The store shelves were once filled with everything from magazines to hair dyes and other confectionery items.
But a visit to the store earlier this month revealed those shelves are getting bare. In fact, Dawe notes, sometimes tourists visiting in the summertime ask if he is closing up shop.
He explains large international retail giants like Wal-Mart have effectively wiped out the confectionary side of his business, the same as they have done to countless small businesses in rural communities around the province.
Now with everybody driving two cars and shopping malls within commuting distance, Dawe explains one of the only reasons they come into his store these days is to have their prescriptions filled, and avail of the Sears outlet operated under the same roof. Dawe keeps the operation going with the help of his two employees, Virginia Hiscock and Dawn Green.
“ We used to open seven days and nights a week. Now we’re down to six days (Monday-Saturday) and no nights,” he says.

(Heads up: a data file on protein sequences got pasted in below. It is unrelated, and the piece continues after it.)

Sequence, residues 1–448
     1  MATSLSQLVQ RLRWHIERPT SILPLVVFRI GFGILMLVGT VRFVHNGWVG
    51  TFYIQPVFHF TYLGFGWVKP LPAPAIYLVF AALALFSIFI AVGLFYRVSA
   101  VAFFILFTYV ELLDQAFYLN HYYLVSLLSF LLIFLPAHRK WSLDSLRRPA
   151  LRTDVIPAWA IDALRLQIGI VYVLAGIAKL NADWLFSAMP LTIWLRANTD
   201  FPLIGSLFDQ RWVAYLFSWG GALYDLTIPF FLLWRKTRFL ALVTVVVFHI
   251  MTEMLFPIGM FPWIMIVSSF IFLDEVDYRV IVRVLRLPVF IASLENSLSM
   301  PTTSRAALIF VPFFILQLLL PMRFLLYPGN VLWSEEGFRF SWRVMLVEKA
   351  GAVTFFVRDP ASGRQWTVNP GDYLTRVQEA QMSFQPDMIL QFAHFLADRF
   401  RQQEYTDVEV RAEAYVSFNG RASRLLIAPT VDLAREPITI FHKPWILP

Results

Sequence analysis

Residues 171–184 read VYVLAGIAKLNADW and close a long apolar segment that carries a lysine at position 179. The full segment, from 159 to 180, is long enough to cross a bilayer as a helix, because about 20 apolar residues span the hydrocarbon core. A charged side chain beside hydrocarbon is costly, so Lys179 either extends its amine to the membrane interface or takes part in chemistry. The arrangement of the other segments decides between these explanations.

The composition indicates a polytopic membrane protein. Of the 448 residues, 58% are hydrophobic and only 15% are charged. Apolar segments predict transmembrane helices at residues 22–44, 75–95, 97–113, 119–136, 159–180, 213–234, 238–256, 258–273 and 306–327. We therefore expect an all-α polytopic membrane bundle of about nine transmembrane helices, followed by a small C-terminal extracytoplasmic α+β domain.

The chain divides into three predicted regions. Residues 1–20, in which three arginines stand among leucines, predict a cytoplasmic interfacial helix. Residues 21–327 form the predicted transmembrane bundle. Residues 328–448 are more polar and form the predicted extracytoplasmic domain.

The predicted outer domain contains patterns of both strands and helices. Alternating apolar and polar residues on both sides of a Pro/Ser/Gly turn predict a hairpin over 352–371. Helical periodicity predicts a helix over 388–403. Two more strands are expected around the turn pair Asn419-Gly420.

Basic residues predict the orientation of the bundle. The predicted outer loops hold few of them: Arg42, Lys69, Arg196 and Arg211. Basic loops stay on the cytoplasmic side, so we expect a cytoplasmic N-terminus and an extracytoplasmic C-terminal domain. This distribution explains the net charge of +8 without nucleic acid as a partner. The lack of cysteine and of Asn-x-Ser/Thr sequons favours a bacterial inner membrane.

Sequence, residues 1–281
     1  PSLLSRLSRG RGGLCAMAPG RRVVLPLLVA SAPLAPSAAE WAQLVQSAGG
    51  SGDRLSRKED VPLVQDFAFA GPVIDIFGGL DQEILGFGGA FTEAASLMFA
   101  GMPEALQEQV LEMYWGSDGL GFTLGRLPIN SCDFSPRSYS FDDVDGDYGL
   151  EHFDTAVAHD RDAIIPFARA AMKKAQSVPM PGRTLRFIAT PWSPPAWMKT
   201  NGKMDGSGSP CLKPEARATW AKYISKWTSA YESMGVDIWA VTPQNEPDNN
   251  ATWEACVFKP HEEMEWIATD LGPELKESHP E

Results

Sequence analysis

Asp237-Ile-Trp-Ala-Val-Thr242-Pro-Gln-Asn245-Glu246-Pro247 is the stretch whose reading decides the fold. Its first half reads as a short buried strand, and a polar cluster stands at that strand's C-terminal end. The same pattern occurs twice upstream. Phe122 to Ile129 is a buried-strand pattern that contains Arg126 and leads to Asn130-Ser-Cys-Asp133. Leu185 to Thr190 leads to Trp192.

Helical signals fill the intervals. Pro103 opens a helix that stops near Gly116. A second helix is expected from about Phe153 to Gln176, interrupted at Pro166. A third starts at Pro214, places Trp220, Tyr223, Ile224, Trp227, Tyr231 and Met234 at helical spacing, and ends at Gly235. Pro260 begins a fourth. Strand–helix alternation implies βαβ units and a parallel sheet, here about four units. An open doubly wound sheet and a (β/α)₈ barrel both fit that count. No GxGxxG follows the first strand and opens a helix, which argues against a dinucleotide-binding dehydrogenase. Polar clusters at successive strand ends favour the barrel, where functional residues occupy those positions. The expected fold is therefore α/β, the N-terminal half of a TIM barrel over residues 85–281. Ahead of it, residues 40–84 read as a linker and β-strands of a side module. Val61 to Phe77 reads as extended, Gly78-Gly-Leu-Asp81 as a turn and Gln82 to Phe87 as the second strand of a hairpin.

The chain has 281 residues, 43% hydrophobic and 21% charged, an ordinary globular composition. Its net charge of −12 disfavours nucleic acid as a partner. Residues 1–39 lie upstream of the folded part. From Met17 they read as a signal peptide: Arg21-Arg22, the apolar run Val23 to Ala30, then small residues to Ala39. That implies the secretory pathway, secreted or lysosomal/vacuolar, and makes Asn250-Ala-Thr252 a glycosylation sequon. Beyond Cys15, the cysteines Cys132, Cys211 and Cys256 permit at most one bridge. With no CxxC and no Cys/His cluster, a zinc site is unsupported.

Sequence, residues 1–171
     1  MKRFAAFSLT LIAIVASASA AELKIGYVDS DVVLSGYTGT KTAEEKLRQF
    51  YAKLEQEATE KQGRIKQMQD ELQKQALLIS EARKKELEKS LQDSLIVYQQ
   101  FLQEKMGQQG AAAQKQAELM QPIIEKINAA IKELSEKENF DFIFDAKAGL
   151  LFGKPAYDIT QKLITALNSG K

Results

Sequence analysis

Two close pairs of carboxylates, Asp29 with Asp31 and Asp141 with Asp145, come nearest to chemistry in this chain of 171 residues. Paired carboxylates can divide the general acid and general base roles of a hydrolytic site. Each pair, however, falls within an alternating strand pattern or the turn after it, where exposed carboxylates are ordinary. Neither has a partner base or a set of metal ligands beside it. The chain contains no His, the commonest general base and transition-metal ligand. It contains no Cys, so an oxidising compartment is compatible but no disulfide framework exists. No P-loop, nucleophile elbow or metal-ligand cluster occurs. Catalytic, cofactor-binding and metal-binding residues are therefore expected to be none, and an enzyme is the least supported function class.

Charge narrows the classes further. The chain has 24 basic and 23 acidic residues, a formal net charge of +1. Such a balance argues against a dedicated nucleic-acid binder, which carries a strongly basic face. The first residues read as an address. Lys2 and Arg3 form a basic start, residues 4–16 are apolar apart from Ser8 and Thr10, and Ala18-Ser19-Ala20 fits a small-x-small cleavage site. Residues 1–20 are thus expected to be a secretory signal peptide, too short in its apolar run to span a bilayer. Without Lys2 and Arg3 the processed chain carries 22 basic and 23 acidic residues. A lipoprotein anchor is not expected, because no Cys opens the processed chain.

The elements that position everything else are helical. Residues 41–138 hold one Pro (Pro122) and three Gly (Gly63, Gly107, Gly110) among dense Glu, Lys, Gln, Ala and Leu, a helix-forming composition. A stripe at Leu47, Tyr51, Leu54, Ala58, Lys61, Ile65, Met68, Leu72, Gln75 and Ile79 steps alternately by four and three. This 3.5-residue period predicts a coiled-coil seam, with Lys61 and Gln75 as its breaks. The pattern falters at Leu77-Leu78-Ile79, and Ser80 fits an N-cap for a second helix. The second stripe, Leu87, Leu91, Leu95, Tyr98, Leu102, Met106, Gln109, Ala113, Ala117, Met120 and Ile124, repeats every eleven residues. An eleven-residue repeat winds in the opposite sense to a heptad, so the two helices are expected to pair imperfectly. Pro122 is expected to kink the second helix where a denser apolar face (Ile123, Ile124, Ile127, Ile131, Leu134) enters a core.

When he goes home at 5 p.m. his evenings and weekends are his own, except for the occasional call at home for his assistance.
“ This was the first Christmas Day I can recall being able to eat my Christmas dinner without a single call,” he says.
Not that he would mind, because the pharmacist is no stranger to taking calls, and responding to them at home at all hours of the night.
One of the messages on Dawe’s electronic bulletin board over his dispensary reads: “ Senior citizens are important to us.”
It’s a message Dawe lives by. Using the plow on his jeep, he has been known to clear snow from the driveways of seniors.